God is not a man, that he should lie; neither the son of man, that he should repent: hath he said, and shall he not do it? or hath he spoken, and shall he not make it good?
In studying any attribute, the essential oneness of all the attributes soon becomes apparent. We see… that if God is self-existent He must be also self-sufficient; and if He has power He, being infinite, must have all power. If He possesses knowledge, His infinitude assures us that He possesses all knowledge. Similarly, His immutability presupposes His faithfulness. If He is unchanging, it follows that He could not be unfaithful, since that would require Him to change. Any failure within the divine character would argue imperfection and, since God is perfect, it could not occur. Thus the attributes explain each other and prove that they are but glimpses the mind enjoys of the absolutely perfect Godhead.
All of God’s acts are consistent with all of His attributes. No attribute contradicts any other, but all harmonize and blend into each other in the infinite abyss of the Godhead. All that God does agrees with all that God is, and being and doing are one in Him….
God, being who He is, cannot cease to be what He is, and being what He is, He cannot act out of character with Himself. He is at once faithful and immutable, so all His words and acts must be and must remain faithful. KOH122-123
What confidence that inspires, Lord! Thank You for Your faithfulness, love and unchanging nature. Amen. 
19 The words “God is not a man, that he should lie” describe both the immutability of the Lord and the integrity of his word. Balaam is himself a foil for God. Balaam is constantly shifting, prevaricating, equivocating, changing—he is himself the prime example of the distinction between God and humanity.
God is not a man, that he is able to lie,
Nor is he human, that he is able to change;
Has he said, and will he not do it?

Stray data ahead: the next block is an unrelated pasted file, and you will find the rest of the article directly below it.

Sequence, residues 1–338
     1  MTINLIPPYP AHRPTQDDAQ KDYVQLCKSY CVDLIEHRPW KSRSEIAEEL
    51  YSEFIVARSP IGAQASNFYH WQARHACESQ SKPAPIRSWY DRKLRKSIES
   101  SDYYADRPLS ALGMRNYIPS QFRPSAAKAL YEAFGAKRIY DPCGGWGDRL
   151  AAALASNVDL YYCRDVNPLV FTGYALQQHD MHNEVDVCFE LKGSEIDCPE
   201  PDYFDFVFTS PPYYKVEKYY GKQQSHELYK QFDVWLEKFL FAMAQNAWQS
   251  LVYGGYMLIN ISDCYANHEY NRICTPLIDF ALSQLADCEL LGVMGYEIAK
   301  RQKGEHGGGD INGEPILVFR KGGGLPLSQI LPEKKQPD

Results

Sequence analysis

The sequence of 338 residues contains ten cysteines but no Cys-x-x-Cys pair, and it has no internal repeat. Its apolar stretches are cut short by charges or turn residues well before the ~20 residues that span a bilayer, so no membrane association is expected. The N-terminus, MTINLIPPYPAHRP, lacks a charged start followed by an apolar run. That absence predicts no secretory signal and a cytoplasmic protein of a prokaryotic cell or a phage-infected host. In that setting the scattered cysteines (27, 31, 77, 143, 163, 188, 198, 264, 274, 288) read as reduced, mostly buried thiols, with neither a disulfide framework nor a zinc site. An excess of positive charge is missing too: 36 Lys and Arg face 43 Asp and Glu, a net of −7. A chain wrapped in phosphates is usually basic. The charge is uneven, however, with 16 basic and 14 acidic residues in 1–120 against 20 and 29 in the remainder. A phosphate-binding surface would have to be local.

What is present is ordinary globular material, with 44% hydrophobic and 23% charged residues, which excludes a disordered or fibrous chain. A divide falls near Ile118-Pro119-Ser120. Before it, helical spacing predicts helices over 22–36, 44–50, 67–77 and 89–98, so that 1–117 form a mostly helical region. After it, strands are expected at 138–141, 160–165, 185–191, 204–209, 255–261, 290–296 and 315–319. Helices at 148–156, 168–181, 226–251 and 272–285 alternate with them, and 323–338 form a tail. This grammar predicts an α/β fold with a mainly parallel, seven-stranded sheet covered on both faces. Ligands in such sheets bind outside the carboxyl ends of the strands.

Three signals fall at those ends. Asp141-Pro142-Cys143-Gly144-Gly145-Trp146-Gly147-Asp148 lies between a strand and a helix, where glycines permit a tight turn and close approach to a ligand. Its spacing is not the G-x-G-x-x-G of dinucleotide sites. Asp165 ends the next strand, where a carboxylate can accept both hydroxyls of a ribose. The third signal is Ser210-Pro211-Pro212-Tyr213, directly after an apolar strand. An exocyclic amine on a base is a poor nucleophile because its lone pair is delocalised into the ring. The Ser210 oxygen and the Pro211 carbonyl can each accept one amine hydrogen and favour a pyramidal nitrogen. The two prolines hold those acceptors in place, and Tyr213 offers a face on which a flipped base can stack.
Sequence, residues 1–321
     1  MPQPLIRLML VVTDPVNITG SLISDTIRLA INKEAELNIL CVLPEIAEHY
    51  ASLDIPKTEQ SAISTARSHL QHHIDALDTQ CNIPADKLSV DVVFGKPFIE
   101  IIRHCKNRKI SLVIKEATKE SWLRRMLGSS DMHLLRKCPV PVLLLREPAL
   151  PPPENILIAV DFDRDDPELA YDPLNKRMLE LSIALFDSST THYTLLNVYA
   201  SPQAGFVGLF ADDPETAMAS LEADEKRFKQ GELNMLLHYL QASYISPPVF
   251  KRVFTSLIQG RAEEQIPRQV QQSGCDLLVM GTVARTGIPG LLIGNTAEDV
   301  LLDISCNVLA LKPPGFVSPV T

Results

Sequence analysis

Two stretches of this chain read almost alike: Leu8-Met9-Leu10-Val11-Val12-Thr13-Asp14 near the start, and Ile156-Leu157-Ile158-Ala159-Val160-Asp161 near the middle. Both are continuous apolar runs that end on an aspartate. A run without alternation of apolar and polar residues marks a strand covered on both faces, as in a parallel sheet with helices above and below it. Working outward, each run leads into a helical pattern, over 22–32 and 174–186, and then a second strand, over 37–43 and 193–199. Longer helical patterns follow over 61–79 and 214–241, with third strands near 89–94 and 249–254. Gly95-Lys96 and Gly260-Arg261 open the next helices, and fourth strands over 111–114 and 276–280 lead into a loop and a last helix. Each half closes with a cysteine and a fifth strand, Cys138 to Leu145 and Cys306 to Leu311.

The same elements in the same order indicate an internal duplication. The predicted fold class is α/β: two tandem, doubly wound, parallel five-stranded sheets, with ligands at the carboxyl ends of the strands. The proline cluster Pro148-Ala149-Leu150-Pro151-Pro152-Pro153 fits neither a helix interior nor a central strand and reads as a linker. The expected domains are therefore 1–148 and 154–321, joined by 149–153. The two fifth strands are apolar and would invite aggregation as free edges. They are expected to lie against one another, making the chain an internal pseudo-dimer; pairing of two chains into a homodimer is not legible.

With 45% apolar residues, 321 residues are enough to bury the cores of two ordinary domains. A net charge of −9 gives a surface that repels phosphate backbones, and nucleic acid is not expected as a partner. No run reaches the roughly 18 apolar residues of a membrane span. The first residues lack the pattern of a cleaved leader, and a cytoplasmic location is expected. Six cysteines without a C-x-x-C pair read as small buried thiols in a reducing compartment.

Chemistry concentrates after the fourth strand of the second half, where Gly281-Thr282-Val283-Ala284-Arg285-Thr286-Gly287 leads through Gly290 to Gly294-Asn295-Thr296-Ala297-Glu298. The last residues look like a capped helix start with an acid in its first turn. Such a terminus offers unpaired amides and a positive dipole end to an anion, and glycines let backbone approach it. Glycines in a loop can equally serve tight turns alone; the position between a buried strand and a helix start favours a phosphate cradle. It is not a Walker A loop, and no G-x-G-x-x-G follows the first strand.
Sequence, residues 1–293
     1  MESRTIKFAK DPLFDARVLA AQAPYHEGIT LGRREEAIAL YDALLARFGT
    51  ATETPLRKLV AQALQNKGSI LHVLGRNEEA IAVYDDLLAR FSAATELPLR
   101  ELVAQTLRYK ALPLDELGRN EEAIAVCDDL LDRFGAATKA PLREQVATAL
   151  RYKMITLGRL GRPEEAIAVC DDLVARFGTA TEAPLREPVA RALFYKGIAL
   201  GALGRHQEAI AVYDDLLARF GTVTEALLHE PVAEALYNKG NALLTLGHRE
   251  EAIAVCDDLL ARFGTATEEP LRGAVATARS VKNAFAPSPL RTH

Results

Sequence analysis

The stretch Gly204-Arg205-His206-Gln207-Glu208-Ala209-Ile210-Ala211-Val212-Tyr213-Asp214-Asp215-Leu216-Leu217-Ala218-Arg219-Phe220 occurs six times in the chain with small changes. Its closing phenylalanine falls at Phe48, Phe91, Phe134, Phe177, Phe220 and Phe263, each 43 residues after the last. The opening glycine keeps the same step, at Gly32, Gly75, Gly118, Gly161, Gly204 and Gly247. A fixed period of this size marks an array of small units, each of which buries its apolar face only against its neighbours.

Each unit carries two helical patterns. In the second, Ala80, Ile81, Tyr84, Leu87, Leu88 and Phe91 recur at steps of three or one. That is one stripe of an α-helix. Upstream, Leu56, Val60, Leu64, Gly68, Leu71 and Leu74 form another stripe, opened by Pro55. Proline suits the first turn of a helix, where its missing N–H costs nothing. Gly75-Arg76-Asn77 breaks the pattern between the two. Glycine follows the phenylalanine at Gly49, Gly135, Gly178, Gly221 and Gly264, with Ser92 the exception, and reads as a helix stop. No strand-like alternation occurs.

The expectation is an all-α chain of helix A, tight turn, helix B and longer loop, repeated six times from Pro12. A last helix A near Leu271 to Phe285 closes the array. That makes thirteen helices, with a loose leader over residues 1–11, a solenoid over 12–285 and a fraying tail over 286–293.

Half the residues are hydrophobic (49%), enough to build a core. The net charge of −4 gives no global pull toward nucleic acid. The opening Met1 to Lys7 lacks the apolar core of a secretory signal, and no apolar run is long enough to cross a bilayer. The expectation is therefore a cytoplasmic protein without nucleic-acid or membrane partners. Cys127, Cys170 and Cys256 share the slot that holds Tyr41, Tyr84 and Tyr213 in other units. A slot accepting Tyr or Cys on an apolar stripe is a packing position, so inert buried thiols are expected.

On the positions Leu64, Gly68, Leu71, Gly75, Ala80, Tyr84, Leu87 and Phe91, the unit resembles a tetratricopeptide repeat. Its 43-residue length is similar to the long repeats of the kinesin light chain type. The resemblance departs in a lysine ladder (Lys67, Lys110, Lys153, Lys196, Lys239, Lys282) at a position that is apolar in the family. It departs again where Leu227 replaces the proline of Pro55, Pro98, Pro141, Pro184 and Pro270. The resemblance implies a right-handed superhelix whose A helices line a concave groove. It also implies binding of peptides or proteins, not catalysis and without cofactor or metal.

Or has he spoken, and will he not confirm it?
Again two lines of bicolon mark this verse (4:2 and 4:3 meter), with the pairs enhancing each other. Balaam’s view of gods was based on his own human failings. Now he confronts God, who is not at all like humans in their failures. This fact is the stunning reality. All others may change; God—even with all of his power—cannot change, for he cannot deny himself (cf. 1 Sa 15:29; Ps 89:35–37; Heb 6:16–18). God must fulfill his promise, for he has bound his character to his Word.
23:19 God is not man, that he should lie. Balaam, even against his selfish intentions, must speak God’s truth (cf. v. 26). Here he is affirming that God’s truthfulness in general (cf. Titus 1:2; Heb. 6:18; God does not lie, and he cannot lie, for this would be contrary to his character) implies that his promises to Israel will also come to pass.
23:19 that he should change his mind Indicates that God will not change something He has decreed or promised. See 1 Sam 15:29, 35; Exod 32:9–14; Jonah 3:10. The message for Balak is that nothing he does will induce God to permit Balaam to curse Israel. Despite this message, Balak will move Balaam again after this oracle, still hoping for a different outcome (Num 23:27–28).
23:19 God is not a man. In contrast to the unreliability of man, so well seen in Balaam himself, God is reliable and immutable. He does not change; therefore, His words always come to pass.
 Tozer, A. W., & Eggert, R. (2015). Tozer on the almighty god: a 365-day devotional. Chicago, IL: Moody Publishers.
 Allen, R. B. (2012). Numbers. In T. Longman III & D. E. Garland (Eds.), The Expositor’s Bible Commentary: Numbers–Ruth (Revised Edition) (Vol. 2, p. 321). Grand Rapids, MI: Zondervan.
 Crossway Bibles. (2008). The ESV Study Bible (p. 304). Wheaton, IL: Crossway Bibles.
 Barry, J. D., Mangum, D., Brown, D. R., Heiser, M. S., Custis, M., Ritzema, E., … Bomar, D. (2012, 2016). Faithlife Study Bible (Nu 23:19). Bellingham, WA: Lexham Press.
 MacArthur, J. F., Jr. (2006). The MacArthur study Bible: New American Standard Bible. (Nu 23:19). Nashville, TN: Thomas Nelson Publishers.